If you are looking for an answer to the question What is Artificial Intelligence? and you only have a minute, then here's the definition the Association for the Advancement of Artificial Intelligence offers on its home page: "the scientific understanding of the mechanisms underlying thought and intelligent behavior and their embodiment in machines."
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Nonmonotonic reasoning concerns situations when information is incomplete or uncertain. Thus, conclusions drawn lack iron-clad certainty that comes with classical logic reasoning. New information, even if the original one is retained, may change conclusions. Formal ways to capture mechanisms involved in nonmonotonic reasoning, and to exploit them for computation as in the answer set programming paradigm are at the heart of this research area. The six papers accepted for the special track contain significant contributions to the foundations of logic programming under the answer set semantics, to nonmonotonic extensions of description logics, to belief change in restricted settings, and to argumentation.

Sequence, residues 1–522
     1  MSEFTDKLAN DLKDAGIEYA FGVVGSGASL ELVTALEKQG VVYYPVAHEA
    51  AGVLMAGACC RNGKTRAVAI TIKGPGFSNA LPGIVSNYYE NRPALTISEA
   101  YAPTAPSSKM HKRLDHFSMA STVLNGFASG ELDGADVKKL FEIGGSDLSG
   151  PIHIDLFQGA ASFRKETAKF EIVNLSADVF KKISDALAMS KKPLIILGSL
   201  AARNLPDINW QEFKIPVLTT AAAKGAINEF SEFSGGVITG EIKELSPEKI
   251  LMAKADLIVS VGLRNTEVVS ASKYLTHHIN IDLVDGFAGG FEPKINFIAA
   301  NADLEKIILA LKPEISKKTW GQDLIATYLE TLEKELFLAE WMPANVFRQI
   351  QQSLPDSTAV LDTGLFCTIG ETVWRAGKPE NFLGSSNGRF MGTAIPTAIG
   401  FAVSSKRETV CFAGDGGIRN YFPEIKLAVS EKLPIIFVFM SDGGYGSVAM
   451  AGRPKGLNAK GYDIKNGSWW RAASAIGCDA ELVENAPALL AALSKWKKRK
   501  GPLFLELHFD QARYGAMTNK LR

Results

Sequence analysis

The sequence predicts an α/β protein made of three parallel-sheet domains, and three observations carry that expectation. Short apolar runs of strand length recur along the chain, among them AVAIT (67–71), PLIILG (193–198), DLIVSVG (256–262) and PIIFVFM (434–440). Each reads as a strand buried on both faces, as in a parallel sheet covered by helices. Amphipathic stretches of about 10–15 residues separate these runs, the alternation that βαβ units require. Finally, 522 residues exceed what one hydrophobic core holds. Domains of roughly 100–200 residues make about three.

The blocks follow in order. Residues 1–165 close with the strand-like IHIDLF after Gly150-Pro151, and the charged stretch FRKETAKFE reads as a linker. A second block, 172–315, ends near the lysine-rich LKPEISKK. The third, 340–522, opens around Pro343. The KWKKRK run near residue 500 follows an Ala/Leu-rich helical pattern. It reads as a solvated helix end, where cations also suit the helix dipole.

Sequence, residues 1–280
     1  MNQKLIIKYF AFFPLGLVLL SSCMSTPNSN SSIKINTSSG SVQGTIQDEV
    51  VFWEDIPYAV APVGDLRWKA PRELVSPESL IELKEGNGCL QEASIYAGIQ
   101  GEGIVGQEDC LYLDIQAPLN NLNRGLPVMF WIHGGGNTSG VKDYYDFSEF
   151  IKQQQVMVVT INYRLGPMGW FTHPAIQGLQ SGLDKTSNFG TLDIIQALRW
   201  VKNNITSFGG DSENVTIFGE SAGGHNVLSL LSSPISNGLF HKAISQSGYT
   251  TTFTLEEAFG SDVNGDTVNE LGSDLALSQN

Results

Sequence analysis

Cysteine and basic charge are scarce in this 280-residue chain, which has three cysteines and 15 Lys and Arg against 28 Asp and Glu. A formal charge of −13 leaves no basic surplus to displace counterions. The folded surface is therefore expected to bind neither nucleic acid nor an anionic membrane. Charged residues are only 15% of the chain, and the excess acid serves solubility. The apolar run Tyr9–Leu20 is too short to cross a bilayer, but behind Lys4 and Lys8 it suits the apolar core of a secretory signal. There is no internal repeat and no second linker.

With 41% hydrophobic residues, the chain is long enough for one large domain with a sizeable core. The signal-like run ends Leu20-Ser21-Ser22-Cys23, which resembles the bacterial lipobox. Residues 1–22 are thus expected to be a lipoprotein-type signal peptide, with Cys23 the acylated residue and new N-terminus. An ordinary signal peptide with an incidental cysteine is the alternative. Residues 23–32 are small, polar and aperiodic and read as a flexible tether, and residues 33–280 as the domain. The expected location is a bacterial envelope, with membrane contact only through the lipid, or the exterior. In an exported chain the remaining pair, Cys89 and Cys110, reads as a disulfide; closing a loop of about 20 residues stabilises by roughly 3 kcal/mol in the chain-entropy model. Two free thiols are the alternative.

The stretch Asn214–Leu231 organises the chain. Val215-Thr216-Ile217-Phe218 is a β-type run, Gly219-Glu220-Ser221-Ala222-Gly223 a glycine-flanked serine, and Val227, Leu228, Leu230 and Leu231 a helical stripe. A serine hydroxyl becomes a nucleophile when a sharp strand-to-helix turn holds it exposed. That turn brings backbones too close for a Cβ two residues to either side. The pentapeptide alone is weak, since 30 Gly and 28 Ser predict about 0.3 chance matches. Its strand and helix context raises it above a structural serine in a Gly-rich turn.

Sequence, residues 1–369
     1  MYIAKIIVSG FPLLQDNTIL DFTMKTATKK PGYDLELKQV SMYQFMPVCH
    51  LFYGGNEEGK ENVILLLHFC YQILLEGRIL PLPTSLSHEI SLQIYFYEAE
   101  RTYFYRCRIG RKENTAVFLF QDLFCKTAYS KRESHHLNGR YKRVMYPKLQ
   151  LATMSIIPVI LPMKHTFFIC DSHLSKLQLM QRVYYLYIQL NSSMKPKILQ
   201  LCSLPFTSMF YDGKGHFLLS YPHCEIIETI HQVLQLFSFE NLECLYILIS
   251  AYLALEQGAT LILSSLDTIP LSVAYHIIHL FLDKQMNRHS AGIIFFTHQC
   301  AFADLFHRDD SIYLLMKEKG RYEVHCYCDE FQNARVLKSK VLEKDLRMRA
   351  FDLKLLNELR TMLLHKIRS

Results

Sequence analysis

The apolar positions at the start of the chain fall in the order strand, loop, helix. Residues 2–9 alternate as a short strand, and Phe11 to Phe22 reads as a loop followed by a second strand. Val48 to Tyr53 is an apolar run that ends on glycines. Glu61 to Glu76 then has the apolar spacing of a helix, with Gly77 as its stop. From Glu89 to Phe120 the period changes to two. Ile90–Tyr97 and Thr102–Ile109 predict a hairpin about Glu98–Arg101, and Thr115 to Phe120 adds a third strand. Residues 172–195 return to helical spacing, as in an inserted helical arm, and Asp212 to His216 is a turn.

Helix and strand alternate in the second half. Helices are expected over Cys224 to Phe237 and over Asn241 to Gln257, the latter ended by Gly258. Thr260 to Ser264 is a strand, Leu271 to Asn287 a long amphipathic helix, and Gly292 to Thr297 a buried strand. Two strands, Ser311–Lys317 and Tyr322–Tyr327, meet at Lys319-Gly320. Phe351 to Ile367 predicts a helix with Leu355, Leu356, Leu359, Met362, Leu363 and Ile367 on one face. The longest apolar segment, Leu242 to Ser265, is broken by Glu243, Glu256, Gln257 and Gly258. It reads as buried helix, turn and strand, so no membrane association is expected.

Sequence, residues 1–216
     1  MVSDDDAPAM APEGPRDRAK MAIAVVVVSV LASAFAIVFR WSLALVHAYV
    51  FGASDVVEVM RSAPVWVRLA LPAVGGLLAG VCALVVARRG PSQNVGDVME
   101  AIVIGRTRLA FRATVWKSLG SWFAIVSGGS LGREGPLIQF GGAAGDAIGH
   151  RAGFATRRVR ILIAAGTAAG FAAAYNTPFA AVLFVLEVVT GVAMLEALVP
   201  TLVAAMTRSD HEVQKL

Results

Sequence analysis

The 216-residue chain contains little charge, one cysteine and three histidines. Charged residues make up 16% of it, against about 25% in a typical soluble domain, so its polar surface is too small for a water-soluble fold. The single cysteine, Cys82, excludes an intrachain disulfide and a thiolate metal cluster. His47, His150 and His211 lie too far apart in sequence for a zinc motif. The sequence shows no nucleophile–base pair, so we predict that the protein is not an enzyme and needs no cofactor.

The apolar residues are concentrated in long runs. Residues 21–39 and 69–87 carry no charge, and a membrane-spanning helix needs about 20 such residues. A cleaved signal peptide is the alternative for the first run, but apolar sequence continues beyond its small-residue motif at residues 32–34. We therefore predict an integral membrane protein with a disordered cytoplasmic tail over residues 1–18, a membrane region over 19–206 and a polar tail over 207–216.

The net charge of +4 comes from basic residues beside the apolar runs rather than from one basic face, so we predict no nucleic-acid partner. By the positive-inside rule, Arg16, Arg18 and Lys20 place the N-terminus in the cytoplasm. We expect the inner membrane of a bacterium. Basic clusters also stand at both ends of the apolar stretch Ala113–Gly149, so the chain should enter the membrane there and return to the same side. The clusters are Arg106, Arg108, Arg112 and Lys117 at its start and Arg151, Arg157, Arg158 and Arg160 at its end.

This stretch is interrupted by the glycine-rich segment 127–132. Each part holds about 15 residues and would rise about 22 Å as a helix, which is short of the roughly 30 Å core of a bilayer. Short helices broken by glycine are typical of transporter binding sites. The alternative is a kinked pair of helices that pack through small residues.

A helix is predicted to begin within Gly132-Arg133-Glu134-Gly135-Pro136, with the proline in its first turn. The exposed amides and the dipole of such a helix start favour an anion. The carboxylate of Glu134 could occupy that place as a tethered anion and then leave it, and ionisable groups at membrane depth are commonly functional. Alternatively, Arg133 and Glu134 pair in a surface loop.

Answer set programming (ASP) is a declarative problem solvi ng paradigm for nonmonotonic reasoning. ASP allows intuitiive represe ntation of combinatorial search and optimization problems and is widely use d for knowledge representation and reasoning in various applications like plan generation, natural language processing etc [14, 15]. But ASP can not dea l with fuzzy information, where attributes and truth degrees lie in a con tinuous range of values. Fuzzy Answer Set Programming (F ASP) is proposed as a n extension of ASP that allows graded truth values from the interval [0,1 ]. Theoretical advancement of F ASP is remarkable [18, 32, 9, 22, 23].